Pickleball Points

This week I am writing about a seldom-mentioned topic: singles in pickleball. I watched the singles competition on a glorious autumn day at the racket sports complex at Ocean Pines, Md., which is near the Maryland and Delaware beaches along the Atlantic Ocean.

Wow. That’s all I can say. And they, many of my readers, missed it. I’ve watched great racket-sport matches all over the world, and even from the player’s box in quite a few. It takes something special to get a “Wow” out of me. That’s why all of us train, diet, exercise — just for one of those special matches. “This is great stuff” is what the old veteran standing next to me said. Between games, I laughed out loud and said to the same grizzly fellow, “Where are they?”

I, of course, was referring to my readers, potential spectators — not the army of competitors.

He laughed. “They must have their nose squished against their cell phone watching some half-baked pickleball tip on YouTube. It’s not like they were not invited to spectate, as you mentioned this event on CoastalPoint.com several times.”

Cars were parked as far as you could see all weekend. A total of 240 pickleballers — 100 of them females, some of them local, others from surrounding states, a few from Florida. They each had accompanying friends and family. I recognized quite a few who had participated in some of the public clinics I conducted over the last five years, some of them now participating in their first tournament. I am proud of all of you.

Of course, I am speaking about the recent tournament at the Ocean Pines racket complex, home of the Ocean Pines Pickleball Club. This event was the first local tournament to offer prize money. The tournament directors were Darryl and Cathy Noble, and they were supported by those always-friendly volunteers from Ocean Pines who always show up to support their club.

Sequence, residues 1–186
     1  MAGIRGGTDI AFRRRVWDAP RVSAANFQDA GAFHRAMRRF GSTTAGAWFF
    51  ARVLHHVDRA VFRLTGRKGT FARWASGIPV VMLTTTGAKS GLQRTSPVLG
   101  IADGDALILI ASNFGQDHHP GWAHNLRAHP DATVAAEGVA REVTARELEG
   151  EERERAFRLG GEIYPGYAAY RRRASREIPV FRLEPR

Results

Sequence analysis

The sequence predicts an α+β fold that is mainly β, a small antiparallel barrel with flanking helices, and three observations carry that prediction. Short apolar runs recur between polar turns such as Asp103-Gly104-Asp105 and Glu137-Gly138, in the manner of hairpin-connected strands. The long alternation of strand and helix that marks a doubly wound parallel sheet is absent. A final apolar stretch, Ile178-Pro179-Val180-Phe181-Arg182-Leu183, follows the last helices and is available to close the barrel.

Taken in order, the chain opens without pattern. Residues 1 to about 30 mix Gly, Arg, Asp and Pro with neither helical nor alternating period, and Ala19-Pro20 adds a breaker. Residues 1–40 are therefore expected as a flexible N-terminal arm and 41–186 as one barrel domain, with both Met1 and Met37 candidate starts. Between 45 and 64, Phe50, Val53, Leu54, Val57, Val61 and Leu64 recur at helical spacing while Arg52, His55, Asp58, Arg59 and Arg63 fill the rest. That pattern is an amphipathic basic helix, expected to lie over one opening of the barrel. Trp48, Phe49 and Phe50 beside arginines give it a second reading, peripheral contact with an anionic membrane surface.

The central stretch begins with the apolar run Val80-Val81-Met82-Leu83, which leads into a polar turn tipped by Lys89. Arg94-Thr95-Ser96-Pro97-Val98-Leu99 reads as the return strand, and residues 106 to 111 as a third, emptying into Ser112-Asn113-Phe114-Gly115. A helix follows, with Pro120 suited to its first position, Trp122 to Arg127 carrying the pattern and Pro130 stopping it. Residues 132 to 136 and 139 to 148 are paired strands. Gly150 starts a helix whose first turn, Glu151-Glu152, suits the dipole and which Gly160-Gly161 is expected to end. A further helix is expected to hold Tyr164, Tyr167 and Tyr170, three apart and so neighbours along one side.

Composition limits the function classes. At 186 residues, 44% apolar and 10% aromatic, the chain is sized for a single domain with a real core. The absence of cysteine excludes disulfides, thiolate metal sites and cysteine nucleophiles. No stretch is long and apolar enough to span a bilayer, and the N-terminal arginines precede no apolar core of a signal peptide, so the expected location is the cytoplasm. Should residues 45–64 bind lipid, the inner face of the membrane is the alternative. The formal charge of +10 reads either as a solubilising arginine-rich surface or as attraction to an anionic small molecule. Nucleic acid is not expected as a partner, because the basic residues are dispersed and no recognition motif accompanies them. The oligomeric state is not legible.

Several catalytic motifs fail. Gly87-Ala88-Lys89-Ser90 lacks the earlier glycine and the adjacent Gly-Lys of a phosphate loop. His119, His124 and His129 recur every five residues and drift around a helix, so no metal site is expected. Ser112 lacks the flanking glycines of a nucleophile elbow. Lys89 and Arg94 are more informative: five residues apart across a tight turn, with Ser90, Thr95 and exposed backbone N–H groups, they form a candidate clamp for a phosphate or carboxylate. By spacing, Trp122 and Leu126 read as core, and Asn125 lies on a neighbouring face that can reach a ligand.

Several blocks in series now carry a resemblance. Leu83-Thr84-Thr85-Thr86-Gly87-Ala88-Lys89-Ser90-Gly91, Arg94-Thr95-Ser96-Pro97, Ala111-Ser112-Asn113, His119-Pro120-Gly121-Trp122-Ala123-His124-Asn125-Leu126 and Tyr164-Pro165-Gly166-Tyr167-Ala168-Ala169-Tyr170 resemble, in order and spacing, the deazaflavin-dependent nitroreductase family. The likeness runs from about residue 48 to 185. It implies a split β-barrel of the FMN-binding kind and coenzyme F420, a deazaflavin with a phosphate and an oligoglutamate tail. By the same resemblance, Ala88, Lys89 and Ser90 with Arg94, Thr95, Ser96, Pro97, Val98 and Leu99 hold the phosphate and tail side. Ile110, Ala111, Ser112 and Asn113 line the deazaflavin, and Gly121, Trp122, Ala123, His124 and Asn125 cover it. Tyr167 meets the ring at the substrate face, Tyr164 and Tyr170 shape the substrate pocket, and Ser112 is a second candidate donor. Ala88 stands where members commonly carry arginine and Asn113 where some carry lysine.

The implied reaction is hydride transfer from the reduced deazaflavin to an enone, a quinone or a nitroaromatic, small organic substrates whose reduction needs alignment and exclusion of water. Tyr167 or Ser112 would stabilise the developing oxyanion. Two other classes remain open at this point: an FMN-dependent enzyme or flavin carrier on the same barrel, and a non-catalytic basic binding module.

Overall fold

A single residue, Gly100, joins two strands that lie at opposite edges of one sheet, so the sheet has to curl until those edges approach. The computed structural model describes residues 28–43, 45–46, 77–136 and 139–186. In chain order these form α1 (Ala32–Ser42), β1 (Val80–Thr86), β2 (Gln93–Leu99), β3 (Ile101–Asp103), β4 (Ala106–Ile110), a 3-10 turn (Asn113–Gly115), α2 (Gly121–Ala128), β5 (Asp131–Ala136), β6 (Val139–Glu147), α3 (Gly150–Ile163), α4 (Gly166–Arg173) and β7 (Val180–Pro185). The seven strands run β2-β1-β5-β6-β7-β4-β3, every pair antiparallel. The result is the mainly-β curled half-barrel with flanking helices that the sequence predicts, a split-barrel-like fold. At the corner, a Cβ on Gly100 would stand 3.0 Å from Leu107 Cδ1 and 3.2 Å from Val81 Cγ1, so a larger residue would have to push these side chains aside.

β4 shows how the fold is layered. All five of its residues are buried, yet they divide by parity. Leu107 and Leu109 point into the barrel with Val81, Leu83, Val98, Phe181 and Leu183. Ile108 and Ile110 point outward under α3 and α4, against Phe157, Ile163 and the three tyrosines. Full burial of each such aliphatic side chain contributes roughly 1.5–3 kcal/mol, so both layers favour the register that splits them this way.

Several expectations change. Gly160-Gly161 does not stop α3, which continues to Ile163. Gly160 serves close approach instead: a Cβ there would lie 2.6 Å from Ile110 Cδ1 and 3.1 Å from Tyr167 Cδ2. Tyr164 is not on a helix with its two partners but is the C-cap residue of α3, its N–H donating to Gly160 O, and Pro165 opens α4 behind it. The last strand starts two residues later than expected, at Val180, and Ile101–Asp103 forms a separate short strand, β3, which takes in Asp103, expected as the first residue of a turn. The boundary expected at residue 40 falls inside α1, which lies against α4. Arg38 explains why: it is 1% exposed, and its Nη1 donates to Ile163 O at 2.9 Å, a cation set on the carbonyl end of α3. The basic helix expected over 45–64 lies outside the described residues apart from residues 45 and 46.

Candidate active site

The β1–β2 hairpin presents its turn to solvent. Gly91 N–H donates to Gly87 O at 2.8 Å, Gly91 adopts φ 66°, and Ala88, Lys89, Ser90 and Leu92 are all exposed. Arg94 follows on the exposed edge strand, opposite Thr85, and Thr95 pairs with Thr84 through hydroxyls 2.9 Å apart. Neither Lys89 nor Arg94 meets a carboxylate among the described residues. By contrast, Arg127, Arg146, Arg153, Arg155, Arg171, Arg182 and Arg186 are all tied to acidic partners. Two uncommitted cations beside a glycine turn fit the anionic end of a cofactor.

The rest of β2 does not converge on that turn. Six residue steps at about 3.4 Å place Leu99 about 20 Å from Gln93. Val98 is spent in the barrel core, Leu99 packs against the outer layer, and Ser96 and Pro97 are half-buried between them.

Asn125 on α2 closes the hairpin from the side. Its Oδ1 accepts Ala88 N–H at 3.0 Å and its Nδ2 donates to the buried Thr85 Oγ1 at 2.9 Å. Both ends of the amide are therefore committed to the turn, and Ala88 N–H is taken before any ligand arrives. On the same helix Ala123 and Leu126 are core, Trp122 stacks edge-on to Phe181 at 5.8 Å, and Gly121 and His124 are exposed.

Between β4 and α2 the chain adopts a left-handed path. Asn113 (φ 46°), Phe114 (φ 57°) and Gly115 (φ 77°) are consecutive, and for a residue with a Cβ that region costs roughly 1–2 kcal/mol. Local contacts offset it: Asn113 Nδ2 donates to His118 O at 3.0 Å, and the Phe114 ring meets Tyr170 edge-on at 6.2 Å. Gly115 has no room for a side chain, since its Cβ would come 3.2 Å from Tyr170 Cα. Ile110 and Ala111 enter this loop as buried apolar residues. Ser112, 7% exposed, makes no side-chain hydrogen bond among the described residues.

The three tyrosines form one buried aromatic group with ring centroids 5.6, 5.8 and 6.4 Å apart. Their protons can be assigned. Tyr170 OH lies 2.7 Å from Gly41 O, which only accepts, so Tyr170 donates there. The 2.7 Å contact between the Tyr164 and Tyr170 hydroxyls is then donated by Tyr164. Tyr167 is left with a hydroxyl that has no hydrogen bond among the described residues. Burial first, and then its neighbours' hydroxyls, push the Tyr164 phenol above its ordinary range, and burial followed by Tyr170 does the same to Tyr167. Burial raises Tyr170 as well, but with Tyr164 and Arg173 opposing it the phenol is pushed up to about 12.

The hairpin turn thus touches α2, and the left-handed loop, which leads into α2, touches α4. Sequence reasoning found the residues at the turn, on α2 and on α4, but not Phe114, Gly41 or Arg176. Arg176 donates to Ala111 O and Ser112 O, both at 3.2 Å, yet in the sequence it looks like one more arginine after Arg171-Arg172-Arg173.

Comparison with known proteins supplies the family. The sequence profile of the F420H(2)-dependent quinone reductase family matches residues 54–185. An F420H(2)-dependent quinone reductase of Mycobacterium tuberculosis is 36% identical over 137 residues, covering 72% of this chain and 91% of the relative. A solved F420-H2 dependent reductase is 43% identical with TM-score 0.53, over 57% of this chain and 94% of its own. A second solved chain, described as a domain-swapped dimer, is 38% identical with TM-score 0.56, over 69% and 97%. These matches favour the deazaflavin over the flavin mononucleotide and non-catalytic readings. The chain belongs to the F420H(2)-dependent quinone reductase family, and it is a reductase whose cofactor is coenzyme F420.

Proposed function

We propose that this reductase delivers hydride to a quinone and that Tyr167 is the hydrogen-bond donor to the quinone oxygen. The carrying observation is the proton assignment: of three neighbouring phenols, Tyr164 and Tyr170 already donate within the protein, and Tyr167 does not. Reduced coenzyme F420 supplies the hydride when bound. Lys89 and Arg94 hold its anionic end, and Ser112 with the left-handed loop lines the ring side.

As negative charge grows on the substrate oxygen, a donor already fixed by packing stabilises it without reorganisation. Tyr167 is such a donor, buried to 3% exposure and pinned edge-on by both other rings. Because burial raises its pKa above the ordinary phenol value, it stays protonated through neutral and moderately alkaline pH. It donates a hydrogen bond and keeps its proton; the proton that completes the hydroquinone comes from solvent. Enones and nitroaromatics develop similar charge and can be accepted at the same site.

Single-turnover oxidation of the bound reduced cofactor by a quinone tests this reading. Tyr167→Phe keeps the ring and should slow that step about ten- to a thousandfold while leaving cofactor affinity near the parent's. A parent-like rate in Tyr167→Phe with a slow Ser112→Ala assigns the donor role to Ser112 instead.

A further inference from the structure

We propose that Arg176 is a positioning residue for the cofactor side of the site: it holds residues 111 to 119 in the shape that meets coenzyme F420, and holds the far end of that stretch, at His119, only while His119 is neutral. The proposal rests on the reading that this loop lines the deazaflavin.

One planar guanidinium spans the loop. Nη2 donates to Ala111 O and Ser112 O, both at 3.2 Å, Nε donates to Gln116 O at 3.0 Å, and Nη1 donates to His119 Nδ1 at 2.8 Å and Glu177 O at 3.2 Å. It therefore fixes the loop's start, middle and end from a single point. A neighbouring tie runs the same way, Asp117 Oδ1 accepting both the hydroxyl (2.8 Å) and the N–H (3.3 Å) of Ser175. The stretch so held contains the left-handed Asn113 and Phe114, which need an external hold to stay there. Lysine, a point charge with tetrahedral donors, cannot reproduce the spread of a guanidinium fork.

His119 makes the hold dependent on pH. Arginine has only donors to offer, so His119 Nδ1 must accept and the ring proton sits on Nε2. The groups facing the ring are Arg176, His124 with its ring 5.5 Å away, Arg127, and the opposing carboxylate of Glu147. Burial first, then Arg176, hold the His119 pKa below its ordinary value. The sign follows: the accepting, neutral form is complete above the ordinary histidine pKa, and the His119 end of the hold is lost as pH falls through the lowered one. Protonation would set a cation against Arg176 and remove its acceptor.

It’s difficult to use words to describe the style of any specific player, just as it is to explain the differences between tournament versus recreational play. But if you were ever age 51 — and I was almost three decades ago — you would know that it takes a toll on the body to bring it all together to perform in any sport at the same level as when you were younger. And although the pickleball court is smaller than the tennis court, it still is a lot of real estate to cover when playing singles against someone capable of hitting great angles from the forehand and backhand side.

Hank Trone, 51, from near Hanover, Pa., took on the impressive 38-year-old Jamie Engles from Glen Burnie, Md., and they split the first two hard-charging, well-played games before Trone, with a 13-year disadvantage, took the third.

They would have had to lay me out under a shady tree to recover from that battle, but not quick-footed Hank Trone. He repacked his arsenal of compact shots, which reminded me of missiles fired with laser-guided pinpoint accuracy from a U.S. Air Force F-106 Delta Dart — but I date myself.

Not 10 minutes later, Hank then took on 22-year-old left-handed Evan Hine, a pleasant young man from Bethany Beach. Evan might be fairly new to pickleball, but his style spoke to a very credible tennis background, and he already has become a pickleball force to be reckoned with.